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Nationalism and Economic development

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Presentation on theme: "Nationalism and Economic development"— Presentation transcript:

1 Nationalism and Economic development

2 The Era of Good Feelings
The Era of good feelings ( ) was dubbed the era of good feelings because of the strong spirit of nationalism, optimism, and goodwill, due to ONE PARTY RULE ( The federalist party was almost dead by this point ) The NAME however was MISLEADING, due to the fact that there were heated debates over tariffs, the national bank ,internal improvements and public land sales.

3 James Monroe Fought in the revolutionary war
Served as Jefferson’s minister to Britain Served as Madison's secretary of state Became the 5th president of the U.S.A in 1816, beating federalist candidate Rufus king, by 183 to 34 electoral votes and received every electoral vote except 1, in 1820

4 Cultural Nationalism By Monroe’s presidency, a younger generation of Americans had arrived They cared little about European politics, and focused on America’s western expansion They believed America was entering an era of unlimited prosperity The nation was heavily patriotic, as revealed in its paintings, of revolutionary heroes by Gilbert Stuart, Charles Wilson Peale, and John Trumball Also, nationalistic, was literature, such as that of Parson Mason’s fictionalized biography of George Washington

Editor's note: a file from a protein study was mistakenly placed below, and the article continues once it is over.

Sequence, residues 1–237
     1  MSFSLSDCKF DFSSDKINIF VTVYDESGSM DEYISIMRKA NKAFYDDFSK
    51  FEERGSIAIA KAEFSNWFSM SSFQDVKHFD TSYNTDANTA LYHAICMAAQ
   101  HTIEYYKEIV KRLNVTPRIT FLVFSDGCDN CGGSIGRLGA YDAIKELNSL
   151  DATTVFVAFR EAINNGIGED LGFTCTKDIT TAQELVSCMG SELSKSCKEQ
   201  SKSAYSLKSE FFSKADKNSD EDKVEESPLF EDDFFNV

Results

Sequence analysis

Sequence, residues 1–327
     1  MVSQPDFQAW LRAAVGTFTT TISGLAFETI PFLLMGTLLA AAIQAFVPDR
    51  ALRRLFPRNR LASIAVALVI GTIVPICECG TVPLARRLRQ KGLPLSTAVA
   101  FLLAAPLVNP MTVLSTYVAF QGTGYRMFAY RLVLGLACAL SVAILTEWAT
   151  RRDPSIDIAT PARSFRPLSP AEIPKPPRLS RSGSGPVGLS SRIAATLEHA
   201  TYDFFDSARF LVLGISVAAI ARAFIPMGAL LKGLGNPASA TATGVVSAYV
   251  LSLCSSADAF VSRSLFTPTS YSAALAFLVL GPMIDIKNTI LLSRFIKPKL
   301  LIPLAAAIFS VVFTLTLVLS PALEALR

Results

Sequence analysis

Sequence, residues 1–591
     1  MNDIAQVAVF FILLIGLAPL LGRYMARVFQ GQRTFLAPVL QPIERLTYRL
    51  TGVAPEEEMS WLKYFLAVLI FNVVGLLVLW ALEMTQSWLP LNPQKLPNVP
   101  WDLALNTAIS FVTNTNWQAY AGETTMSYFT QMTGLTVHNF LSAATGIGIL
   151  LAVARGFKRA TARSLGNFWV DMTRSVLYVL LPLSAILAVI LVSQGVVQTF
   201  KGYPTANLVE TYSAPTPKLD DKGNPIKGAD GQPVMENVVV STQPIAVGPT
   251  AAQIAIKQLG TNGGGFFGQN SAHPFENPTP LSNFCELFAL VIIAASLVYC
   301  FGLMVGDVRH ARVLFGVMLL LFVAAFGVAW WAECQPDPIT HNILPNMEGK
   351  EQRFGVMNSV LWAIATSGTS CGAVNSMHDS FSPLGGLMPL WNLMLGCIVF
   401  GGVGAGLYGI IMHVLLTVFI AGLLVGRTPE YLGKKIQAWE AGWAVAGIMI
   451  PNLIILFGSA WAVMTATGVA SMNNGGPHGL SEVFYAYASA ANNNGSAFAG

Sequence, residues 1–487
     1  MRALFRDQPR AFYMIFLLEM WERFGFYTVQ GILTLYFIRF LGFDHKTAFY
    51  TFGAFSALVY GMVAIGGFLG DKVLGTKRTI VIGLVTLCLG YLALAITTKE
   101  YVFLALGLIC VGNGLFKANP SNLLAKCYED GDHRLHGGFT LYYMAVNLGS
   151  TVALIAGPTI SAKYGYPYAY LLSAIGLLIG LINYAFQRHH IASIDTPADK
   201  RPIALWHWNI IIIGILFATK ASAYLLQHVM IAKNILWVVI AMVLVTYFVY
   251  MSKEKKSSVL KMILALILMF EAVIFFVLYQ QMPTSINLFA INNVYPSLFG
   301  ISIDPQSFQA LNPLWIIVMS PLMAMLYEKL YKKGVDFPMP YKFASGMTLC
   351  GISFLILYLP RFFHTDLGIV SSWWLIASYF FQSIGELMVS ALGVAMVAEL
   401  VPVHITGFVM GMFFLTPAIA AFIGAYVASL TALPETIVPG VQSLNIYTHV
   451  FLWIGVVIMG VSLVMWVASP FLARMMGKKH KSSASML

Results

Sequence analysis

5 Economic Nationalism Tariff of Before the war of 1812, congress lowered the tariff, after the war, congress raised tariffs, to protect U.S manufacturing This was the FIRST protective tariff in the U.S New England which had little manufacturing at that time opposed it. The South and the West supported it Henry Clay’s American system- Was a plan to advance America’s economy. The plan consisted of three parts (1) a protective tariff (2) a national bank (3) Internal improvements A protective tariff would protect manufacturing, and provide a source of income for infrastructure. A national bank would provide a national currency The tariffs benefited the north, the internal improvements, the south and west.

6 Economic nationalism continuation
Two areas of Clay’s American system was already in place, the tariff and the bank However internal improvements, were a subject of controversy as Madison and Monroe both felt that the constitution did not provide for the spending of federal money on roads, and canals Thus Monroe vetoed acts of congress that provided for funds for road building

7 The Panic of 1819 The Panic of 1819, was largely caused by the second bank of the united states when it tightened credit, to control inflation. The results of the depression lead to the closing of numerous state banks and inflation, unemployment, bankruptcies, and imprisonment for debts The bank foreclosed a large amount of western farmland Created a backlash against the bank, and debtors’ prisons. Shook up optimistic views.

8 Changes in the Democratic- Republican party
After the collapse of the federalist party, America was essentially under one party rule. The democratic-republican party however went through internal problems Only a minority of democratic-republicans believed in the ideals of limited government and strict interpretation of the constitution, many had adopted federalist policies such as the national bank In candidates vied for the candidacy

9 The Supreme court Despite the federalist party’s death, chief justice, John Marshall was still alive. Appointed by James Madison in 1800, John marshal constantly ruled in favor of the central government and the rights of property against states rights Even though a majority of the court were sympathetic to the democratic-republicans, they were often persuaded that the constitution had created a union of states

10 Important supreme court cases